An extensive divorce fraud on an “almost industrial scale” involving 179 Italian couples was recently uncovered in England and addressed by the High Court. An organization based in Italy was found to be profiting off of unhappy couples seeking freedom from their marriage and Italy’s strict divorce requirements.
Italian law states that a couple must live apart for three years prior to receiving a divorce. However, in England, couples are able to apply for a divorce at any point after one year of marriage on the grounds of unreasonable behavior, including adultery and desertion. The organization accepted hefty sums from desperate Italian couples to arrange a more expedient separation through the courts in England and Wales.
Using 137 different county courts to avoid being caught, the fraudulent organization charged as much as €4,700 per divorce. Police discovered that a single address in Maidenhead, Berkshire was used for all 179 couples as proof of residency in the U.K.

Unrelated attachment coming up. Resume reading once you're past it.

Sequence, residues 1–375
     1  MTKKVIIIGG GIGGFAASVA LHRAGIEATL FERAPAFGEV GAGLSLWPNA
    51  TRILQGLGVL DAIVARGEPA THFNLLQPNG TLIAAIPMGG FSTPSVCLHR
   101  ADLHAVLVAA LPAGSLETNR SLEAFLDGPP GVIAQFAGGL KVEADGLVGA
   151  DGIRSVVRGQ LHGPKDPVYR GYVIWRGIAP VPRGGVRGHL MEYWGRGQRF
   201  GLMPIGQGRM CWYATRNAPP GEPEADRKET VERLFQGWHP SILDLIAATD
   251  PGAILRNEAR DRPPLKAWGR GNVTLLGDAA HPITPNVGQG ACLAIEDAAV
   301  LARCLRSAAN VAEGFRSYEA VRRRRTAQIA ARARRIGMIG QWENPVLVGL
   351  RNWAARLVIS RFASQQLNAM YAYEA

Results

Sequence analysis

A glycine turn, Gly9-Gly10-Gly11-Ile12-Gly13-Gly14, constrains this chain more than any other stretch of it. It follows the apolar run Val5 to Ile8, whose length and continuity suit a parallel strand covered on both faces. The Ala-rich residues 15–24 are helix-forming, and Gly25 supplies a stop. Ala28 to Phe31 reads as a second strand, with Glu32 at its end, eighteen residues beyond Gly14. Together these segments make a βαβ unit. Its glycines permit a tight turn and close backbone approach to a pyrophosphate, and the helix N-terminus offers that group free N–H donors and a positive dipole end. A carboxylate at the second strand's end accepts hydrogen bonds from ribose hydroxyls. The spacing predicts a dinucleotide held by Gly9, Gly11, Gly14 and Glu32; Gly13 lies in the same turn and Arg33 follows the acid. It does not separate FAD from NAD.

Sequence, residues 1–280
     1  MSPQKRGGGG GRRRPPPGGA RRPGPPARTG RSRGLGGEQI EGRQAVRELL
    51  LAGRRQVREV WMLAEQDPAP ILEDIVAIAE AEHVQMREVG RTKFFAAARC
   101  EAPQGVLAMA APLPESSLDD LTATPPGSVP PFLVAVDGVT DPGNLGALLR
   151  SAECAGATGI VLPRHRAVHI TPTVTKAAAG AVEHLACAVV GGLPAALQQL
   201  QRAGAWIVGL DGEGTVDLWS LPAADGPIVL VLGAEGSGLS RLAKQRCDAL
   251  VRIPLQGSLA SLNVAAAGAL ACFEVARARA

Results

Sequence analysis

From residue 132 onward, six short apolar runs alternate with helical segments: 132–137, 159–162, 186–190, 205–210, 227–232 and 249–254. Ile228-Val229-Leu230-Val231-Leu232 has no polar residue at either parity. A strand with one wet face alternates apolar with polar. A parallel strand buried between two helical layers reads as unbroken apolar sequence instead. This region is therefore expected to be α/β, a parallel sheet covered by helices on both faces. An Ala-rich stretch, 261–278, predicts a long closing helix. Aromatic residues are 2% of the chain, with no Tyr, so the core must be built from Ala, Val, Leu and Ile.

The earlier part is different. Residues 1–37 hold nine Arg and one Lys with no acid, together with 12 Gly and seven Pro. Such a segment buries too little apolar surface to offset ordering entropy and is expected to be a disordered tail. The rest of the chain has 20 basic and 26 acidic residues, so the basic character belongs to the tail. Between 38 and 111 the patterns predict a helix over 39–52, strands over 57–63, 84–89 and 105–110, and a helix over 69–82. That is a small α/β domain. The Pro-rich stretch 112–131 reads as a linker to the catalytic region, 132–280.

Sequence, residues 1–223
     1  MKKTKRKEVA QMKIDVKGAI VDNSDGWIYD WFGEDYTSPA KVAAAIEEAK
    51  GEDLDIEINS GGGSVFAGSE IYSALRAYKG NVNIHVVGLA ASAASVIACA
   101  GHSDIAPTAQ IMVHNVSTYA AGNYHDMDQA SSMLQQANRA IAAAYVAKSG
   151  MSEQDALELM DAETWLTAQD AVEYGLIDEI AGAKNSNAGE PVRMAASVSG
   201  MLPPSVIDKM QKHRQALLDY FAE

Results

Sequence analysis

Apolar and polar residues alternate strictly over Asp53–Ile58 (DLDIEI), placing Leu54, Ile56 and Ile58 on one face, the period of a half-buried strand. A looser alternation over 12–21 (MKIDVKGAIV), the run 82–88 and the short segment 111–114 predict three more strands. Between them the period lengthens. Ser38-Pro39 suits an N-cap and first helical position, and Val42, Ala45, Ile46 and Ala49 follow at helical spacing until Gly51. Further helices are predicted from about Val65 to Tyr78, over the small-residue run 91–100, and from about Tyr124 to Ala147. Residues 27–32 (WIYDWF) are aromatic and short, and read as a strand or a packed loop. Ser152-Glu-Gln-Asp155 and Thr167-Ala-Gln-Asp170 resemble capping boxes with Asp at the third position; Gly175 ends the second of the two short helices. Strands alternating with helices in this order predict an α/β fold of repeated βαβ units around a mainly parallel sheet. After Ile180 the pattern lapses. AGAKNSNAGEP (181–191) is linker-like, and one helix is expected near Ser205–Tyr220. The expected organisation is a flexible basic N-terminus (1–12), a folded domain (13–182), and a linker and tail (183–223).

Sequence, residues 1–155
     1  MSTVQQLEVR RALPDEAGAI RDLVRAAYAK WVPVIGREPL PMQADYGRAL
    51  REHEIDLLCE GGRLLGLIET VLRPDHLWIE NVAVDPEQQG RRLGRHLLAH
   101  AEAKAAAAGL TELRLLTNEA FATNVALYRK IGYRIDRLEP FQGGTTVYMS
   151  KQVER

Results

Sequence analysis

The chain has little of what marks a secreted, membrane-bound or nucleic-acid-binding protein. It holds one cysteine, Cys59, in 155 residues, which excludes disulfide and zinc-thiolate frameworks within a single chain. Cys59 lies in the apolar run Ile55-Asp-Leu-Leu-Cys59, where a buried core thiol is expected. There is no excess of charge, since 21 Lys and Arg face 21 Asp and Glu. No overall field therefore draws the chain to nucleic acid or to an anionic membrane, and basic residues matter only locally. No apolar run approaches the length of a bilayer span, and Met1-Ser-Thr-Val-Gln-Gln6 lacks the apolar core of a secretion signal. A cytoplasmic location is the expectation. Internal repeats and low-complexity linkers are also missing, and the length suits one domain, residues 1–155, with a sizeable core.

According to Thames Valley Police, the scheme is believed to have run from August 2010 until July 2012, with each couple paying between €3,450 and €4,700—which translates into just over $4300-$5900 USD.
The High Court of Justice in England and Wales responded to the divorce scam by voiding each of the 179 divorces that were fraudulently performed.
Sir James Munby, President of the High Court’s Family Division, described the fraud as a “conspiracy to pervert the course of justice on an almost industrial scale.” He stated in his judgment that “a decree, whether nisi or absolute, will be void on the ground of fraud if the court has been materially deceived, by perjury, forgery or otherwise, into accepting that it has jurisdiction to entertain the petition.”